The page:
“Aeolian” sounds like the name of a distant solar system from a Star Wars movie, doesn’t it? Alas, it is a real word, one used to describe the geological influences formed by wind. Dunes at the beach or in the desert are obvious examples of an aeolian geology.
I recently read about the discovery of aeolian ecosystems in Wind: How the Flow of Air Has Shaped Life, Myth and the Land by Jan DeBlieu. These aeolian ecosystems include terrestrial, aquatic, and nival land types. Nival (pronounced ˈnīvəl) being of, pertaining to, or characteristic of perpetual snow (how about that for some new words for our vocabulary?!?).
Therefore, the aeolian biome is that of the snow-locked. This word was coined by biologist Lawrence Swan after numerous trips on foot exploring the Himalayans after World War II. Swan wondered about a population of salticid spiders he found inhabiting Mount Everest at an elevation of 22,000 feet. What could these spiders be surviving on four miles above sea level? After some literal digging around, under and in the rocks and crevices at this elevation, he found pieces of plants, pollen, seeds, and bits of insects that provided a food source for the spiders. These sources of food could have only arrived here carried by the strong winds that moved across the harsh region.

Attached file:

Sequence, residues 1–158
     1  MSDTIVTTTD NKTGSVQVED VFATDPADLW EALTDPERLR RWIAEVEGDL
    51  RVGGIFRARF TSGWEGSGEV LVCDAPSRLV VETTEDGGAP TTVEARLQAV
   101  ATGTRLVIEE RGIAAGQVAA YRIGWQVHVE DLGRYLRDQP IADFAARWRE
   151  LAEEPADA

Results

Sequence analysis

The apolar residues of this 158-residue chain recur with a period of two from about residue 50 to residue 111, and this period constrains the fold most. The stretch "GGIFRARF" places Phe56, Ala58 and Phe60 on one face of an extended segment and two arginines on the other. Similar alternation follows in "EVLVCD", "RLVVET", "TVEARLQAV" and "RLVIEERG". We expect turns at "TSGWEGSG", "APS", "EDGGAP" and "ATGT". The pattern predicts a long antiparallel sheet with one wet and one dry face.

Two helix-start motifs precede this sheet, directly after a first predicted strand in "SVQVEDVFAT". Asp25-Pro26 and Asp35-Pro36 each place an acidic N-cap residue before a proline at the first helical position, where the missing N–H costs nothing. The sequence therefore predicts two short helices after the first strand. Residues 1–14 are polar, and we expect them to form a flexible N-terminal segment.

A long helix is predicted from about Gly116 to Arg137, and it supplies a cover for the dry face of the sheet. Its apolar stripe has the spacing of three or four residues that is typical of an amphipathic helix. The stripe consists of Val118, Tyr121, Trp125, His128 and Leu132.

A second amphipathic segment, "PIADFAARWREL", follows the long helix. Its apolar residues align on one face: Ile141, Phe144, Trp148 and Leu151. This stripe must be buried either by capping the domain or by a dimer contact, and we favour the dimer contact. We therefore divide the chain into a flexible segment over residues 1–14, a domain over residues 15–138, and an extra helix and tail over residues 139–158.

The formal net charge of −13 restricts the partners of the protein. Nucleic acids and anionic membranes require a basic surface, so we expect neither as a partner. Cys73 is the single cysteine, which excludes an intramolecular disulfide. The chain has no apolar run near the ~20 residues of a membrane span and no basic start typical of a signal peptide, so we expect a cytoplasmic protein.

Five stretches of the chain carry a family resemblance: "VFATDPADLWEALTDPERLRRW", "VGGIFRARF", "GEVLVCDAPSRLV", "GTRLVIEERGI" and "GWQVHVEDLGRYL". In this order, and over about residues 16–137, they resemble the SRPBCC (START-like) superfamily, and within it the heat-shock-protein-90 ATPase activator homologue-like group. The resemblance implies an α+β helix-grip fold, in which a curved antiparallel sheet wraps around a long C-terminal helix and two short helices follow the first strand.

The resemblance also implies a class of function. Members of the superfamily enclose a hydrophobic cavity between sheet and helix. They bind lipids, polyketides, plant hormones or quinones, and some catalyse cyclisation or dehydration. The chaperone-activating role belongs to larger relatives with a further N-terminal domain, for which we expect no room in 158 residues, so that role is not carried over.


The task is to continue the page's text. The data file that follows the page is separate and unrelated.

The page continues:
This aeolian biome – named for Aelous, the Greek god of wind – exists in the most oxygen deprived landscapes on earth. This biome exists just above the tundra zone within isolated areas where wind currents blow with such speed and force, it delivers with it algae and insects. Aeolian areas can turn green or pink from the accumulation of wind swept microscopic life, and are characterized by non-flowering plants, such as mosses, that in turn attract hardy scavengers like the salticid spider and specialized worms that can survive in this harsh environment. Lizards, salamanders, rattlesnakes and some birds then feed on those smaller scavengers.
It’s interesting imagining a landscape so inhospitable – severe cold temperatures, strong winds, without apparent vegetation even above a barren tundra landscape – where life still finds a way to survive. The resiliency of some species to scrape out life in these conditions can only be considered awe-inspiring.